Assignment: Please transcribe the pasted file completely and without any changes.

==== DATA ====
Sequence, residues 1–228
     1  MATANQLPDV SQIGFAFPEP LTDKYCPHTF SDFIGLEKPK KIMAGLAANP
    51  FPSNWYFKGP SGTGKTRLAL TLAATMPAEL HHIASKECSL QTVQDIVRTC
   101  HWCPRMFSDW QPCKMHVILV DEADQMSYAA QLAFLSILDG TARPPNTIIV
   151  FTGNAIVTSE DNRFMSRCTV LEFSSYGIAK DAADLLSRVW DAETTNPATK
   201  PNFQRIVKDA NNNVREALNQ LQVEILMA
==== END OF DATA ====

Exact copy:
Sequence, residues 1–228
     1  MATANQLPDV SQIGFAFPEP LTDKYCPHTF SDFIGLEKPK KIMAGLAANP
    51  FPSNWYFKGP SGTGKTRLAL TLAATMPAEL HHIASKECSL QTVQDIVRTC
   101  HWCPRMFSDW QPCKMHVILV DEADQMSYAA QLAFLSILDG TARPPNTIIV
   151  FTGNAIVTSE DNRFMSRCTV LEFSSYGIAK DAADLLSRVW DAETTNPATK
   201  PNFQRIVKDA NNNVREALNQ LQVEILMA